Thursday, December 30, 2004

How to help the victims of the Tsunami

Go here.

Incidentally, can somebody tell me when the term Tidal Wave became incorrect and was replaced with Tsunami? And, for that matter and related to none of this, when did the Western world start calling Peking Beijing and why? If it was always wrong, why did we call it Peking to being with?

Really. I'm just curious.

10 comments:

Anonymous said...

The world officially employed "Tsunami" after the Irwin Allen fiasco of "Beyond the Poseidon Adventure." God bless Shelley Winters!

Anonymous said...

Beijing was dubbed Peking simply by the accident of a French missionary named Dave Wollenbaugh who had an embarrassing speech impediment and a tendency to laugh at his own jokes. Were he alive today, Dave (also known as "Mad Dog") would quote old episodes of Mystery Science Theater 3000 verbatim and prompt thoughtful discussions on exactly when "Family Guy" lost its comedic mojo. Or, in missionary terms, "Jumped the Shark". Like Dave, doesn't that term seem oh so 400 years ago?

P.S. Quack!

Miles said...

yippee comments...well, actually, not the comments that i was expecting, but funny nonetheless. now,really, why the name changes? huh? dave? quack?

Gary Zalkin said...

I think a tidal wave is more related to tides and is a large wave from inception while a tsunami is caused by a pulse from something else (I don't think tides can cause a large enough pulse - I understand earthquakes, meteors and volcanoes can cause it).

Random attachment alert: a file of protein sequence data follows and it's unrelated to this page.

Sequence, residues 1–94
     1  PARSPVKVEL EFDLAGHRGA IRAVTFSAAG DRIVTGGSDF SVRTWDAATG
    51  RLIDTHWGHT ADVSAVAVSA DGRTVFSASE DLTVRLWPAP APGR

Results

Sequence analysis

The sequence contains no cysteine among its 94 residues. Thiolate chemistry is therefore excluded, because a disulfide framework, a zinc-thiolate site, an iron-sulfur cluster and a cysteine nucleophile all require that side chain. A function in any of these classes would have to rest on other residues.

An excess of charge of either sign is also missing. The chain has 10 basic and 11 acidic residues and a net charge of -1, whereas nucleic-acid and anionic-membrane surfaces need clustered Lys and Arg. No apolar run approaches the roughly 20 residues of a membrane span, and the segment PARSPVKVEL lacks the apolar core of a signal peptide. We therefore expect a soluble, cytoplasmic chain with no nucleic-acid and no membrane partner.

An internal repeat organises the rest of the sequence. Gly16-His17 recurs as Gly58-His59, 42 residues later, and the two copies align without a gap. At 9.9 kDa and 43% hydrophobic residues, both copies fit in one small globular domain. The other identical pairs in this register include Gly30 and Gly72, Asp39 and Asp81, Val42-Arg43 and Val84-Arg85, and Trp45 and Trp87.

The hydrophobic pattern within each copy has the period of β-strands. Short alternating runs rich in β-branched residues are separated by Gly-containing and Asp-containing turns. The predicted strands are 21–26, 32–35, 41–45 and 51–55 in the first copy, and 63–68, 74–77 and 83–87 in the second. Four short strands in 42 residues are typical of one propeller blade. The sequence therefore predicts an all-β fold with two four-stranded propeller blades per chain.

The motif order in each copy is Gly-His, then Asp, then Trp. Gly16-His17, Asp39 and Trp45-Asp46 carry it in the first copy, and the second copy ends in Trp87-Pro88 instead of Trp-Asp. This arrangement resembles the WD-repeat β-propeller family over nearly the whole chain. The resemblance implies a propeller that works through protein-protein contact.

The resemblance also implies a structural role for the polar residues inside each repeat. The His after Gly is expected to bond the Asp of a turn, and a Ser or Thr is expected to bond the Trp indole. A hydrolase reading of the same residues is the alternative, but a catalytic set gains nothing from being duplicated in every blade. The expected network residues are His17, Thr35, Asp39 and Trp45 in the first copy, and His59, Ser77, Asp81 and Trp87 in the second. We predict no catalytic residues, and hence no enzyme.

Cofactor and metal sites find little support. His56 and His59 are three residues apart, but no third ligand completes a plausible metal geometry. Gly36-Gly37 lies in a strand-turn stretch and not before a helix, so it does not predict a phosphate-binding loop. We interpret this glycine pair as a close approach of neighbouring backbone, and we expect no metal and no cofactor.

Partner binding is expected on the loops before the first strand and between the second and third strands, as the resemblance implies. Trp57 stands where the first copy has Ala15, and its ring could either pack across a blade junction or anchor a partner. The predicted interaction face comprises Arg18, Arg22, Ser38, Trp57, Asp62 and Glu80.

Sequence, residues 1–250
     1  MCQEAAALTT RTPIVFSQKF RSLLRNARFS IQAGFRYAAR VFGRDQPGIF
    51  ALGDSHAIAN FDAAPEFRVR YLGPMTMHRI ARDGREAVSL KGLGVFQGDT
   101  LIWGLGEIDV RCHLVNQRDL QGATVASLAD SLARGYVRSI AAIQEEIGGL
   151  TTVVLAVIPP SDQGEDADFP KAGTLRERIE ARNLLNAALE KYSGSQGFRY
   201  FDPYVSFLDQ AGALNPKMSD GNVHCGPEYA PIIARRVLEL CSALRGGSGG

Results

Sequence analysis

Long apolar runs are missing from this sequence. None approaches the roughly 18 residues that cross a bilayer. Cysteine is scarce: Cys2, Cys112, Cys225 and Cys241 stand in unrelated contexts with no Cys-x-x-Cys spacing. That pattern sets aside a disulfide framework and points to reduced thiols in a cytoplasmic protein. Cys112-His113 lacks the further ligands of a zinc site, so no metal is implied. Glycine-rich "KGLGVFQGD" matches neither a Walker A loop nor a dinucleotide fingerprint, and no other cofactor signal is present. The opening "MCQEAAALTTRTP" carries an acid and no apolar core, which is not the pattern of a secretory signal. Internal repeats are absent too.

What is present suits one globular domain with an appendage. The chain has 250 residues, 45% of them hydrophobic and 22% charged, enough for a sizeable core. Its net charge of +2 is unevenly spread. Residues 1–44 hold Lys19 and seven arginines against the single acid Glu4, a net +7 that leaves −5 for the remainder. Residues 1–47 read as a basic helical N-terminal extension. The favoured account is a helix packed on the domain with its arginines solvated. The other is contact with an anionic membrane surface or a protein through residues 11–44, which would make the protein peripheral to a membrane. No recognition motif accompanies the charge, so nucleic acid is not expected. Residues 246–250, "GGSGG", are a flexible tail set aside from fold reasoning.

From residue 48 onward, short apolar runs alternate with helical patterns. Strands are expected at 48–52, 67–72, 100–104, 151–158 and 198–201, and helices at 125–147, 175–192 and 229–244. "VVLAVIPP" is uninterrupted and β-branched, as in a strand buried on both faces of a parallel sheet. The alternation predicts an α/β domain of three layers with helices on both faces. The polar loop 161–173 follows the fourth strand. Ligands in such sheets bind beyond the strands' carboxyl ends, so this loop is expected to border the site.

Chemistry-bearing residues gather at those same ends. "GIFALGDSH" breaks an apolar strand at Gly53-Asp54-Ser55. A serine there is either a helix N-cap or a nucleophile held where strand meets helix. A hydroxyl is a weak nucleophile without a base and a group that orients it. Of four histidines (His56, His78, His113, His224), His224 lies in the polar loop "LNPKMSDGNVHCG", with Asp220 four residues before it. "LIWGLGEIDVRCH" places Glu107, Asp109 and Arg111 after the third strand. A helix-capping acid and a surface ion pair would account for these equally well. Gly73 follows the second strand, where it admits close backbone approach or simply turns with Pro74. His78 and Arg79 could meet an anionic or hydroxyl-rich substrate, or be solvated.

Gary Zalkin said...

Whoops - that didn't just go to you.

Miles said...

way to master modern technology, gary! ;-)

yes, I understand the difference, but for the longest time, we just called them tidal waves. when did we all of a sudden change the name? huh? happy new year, btw.

Gary Zalkin said...

I think it was a late 90's thing. The tsunami-lobby started getting better organized.

Anonymous said...

Re: Peking/Beijing -- Peking was the western colonial name for Beijing.

See below for more info:

http://www.cbsnews.com/stories/2004/10/11/world/main648623.shtml

Calcutta was always pronounced Kolkata (pronounced COAL-ka-tah) in the Bengali language. But with the new name the English pronunciation and spelling switched to Kolkata, too.

Yet another city resident, consumer rights activist Mita Dutta, says she uses Calcutta in most conversations. "To say Kolkata is a conscious effort."

India is not alone in switching colonial names. South Africa, Bangladesh and Sri Lanka are among many countries that renamed provinces and cities. Sri Lanka, the island nation off India's southern tip, changed its own name, dropping the colonial name Ceylon in 1972.

Some countries merely corrected spellings based on Britons' faulty pronunciation of foreign languages. Bangladesh changed the spelling of its capital to Dhaka, instead of the British Dacca, in 1982.

Similarly in China, the government changed from Peking to Beijing in the 1950s to bring the spelling closer to the Chinese pronunciation and later turned Canton into Guangzhou - both changes adopted by the rest of the world.

The military regime in Myanmar has had less success getting acceptance for the ancient name for the country best known as Burma. The United States still uses Burma, and it's Burma/Myanmar for the European Union. Myanmar is derived from the Burmese name Myanma Naingngandaw.

(Is this really what this blog is about???)

Miles said...

wow, thanks to anonymous and, for gary, well, that lobby seems, unfortunately, very well organized right now.

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